What is the purpose of philosophy? For those with no formal training in the discipline, academic philosophy can seem obtuse and of little importance. Many often contrast philosophy, and the humanities at large, with the study of the physical sciences and their cognate disciplines, such as engineering and mathematics. While philosophy may be interesting and enjoyable to learn, it can tell us little about the true nature of the world, they say. What use is mere thought if it is not first grounded in empirical observation and experimentation? According to this line of thinking, philosophy, the study of theoretical foundations, is of little use to modern society.
But I think this conception misunderstands the role of philosophy. The discipline should not be thought of as wholly separate from the physical sciences, but rather as complementary to them. Philosophy is not an isolated field; to philosophize, one must philosophize about something. Consequently, philosophy is divided into countless subfields, including the philosophy of mind, philosophy of language, moral philosophy, political philosophy, epistemology, action theory and, yes, philosophy of science. One might even philosophize about philosophy itself, as we are doing here. To philosophize is to search for the deepest understanding of a specific subject, to develop a logical foundation explaining why that subject allows us to further develop our knowledge of the world. Therefore, not only are the physical sciences enhanced by philosophy, they are at their core utterly dependent upon it.
That’s all well and good if we’re merely focused on establishing new fields or explaining the logic of current empirical practices, one might say, but what about philosophy helps us expand our knowledge beyond the development of simple foundations? When we engage in thought experiments, one of the central procedures of philosophic reasoning, aren’t we just discussing matters that do not exist in reality? How on Earth could such a practice tell us anything about the world?
To this I simply reply: what is mathematics but reasoning about matters that do not necessarily exist in reality? And yet mathematics — even theoretical mathematics — is of obvious importance to the continued development of the physical sciences. Philosophy is merely mathematics performed with a different language. Indeed, mathematics is but one system of formal, or symbolic, logical reasoning, whereas philosophic reasoning can be performed either formally or informally. Through the use of proper translation, philosophical arguments can also transform from formal to informal and vice versa.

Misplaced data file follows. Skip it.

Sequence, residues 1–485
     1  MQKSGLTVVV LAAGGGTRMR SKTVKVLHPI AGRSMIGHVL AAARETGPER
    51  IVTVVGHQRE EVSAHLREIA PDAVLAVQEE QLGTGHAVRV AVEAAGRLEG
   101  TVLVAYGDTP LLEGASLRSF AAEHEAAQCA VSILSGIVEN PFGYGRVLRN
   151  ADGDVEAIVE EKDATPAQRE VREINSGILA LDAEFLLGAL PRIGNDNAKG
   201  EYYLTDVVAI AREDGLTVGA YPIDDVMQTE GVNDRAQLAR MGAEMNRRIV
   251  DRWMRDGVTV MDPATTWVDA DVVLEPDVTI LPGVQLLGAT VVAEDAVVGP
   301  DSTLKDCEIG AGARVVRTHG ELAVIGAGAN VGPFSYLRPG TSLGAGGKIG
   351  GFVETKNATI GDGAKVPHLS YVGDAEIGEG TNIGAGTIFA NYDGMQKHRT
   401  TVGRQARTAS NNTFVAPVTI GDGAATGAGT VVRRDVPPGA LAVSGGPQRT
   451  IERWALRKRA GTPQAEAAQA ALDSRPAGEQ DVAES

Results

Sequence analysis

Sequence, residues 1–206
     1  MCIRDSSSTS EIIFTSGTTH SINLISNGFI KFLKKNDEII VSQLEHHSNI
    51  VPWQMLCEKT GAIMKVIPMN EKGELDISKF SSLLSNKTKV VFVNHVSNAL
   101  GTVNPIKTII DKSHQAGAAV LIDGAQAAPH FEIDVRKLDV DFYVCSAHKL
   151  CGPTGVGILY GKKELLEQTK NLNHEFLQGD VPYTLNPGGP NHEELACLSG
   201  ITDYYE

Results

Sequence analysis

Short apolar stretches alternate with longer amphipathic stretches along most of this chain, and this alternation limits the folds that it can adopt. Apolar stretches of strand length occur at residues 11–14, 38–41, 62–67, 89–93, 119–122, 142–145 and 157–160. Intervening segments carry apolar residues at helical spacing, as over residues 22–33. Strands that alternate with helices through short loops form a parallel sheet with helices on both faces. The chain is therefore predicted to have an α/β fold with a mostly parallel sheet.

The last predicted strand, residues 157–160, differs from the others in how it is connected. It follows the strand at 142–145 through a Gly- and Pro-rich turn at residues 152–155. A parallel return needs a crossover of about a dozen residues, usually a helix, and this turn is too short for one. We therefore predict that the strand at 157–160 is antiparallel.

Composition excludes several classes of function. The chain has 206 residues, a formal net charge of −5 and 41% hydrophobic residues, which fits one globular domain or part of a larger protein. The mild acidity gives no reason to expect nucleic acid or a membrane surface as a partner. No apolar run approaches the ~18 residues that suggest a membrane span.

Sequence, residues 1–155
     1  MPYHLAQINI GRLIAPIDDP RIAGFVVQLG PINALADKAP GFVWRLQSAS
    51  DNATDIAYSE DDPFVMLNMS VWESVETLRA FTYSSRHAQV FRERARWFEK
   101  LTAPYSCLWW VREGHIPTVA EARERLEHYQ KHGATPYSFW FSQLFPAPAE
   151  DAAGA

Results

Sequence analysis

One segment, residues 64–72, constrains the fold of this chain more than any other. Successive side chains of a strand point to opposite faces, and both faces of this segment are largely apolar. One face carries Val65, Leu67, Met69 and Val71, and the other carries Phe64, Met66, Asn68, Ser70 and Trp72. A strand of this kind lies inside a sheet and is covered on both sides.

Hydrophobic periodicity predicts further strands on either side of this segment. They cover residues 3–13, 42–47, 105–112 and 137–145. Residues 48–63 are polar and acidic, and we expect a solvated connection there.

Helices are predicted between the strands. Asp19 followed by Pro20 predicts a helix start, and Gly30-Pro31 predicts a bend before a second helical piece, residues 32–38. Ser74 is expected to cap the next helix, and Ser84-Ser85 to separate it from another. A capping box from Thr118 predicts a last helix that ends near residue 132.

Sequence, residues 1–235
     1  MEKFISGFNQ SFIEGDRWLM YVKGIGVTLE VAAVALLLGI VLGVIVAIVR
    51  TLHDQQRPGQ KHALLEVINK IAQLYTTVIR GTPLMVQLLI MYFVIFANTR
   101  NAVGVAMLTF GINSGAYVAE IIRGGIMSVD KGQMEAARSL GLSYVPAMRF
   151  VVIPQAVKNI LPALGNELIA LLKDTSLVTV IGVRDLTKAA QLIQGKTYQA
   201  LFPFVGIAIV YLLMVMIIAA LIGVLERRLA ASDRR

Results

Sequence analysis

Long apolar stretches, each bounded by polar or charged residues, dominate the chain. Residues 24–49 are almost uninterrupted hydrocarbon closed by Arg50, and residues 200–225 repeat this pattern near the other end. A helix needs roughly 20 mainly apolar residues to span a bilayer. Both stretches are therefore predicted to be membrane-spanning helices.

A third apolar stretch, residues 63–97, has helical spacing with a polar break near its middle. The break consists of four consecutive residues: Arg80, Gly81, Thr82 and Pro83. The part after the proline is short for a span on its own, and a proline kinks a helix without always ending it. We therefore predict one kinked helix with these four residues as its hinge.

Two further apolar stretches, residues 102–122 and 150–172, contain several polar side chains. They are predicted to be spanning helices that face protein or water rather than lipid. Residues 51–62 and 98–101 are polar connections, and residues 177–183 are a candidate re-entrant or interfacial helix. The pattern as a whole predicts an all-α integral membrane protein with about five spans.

For example, take the classic syllogism below:
All men are mortal. Socrates is a man. Therefore, Socrates is mortal.
This is an informal logical argument because it is non-symbolic. We can transform this argument into a formal language by replacing the informal language with representative symbols:
“All men are mortal” becomes “All y are z”
“Socrates is a man” becomes “X is y”
“Therefore, Socrates is mortal” becomes “Therefore, X is z”
Our formulation now reads:
All y are z. X is y. Therefore, X is z.
We can further translate this new formal argument into a formal meta-language:
“All y are z” becomes “A”
“X is y” becomes “B”
“X is z” becomes “C”
So our updated formulation now reads:
A. B. Therefore, C.
We can substitute common mathematical operations for “therefore” and the current punctuation:
A + B = C
In philosophy, we can transform an informal argument into a formal argument by substituting symbols for propositions. In mathematics, we can similarly transform a formal argument (or equation) into an equivalent formal argument by substituting variables for numbers:
“6/3 = 2” becomes “x/y = z”
Argument translations, both in philosophy and in mathematics, are often most useful when some variables are known and others are not. Therefore, a simple mathematical problem may read:
x/2 = 4. Solve for x.
In the above equation, we have just enough information to logically deduce x without reference to anything but mere thought and our knowledge of the meaning of mathematical operations. We merely insert “8” in place of “x,” see that both sides of the equation are equivalent, and understand now that “x = 8.”
In a philosophical argument, we may know that, for example, “Zeus is not mortal” and that “all men are mortal,” but we are not yet given information on what results. However, we can readily deduce what results by thinking of the argument in a mathematical way:
Zeus is not mortal + all men are mortal = x
We solve for x by deducing that if all men are mortal, and Zeus does not have that attribute, then x equals “Zeus is not a man.”
Zeus is not mortal + all men are mortal = Zeus is not a man
Of course, it must be noted that displaying informal philosophic arguments using mathematical operations is not always quite as useful as displaying mathematical arguments using mathematical operations. If an equation read “1 + x = 3,” we would know that x = 2. But if the philosophic argument read “Zeus is not mortal + x = Zeus is not a man,” there are multiple possible meanings of x. For example, x could mean “all men are mortal” or it could mean “No thing named Zeus is a man.” Nevertheless, displaying philosophical arguments using a mathematical formulation remains a useful exercise for illustrating the many similarities between philosophical and mathematical reasoning.
By thinking of philosophy as mathematics with words rather than numbers, we can more easily understand why the discipline of “mere thought” is still useful in expanding our knowledge of the world. ■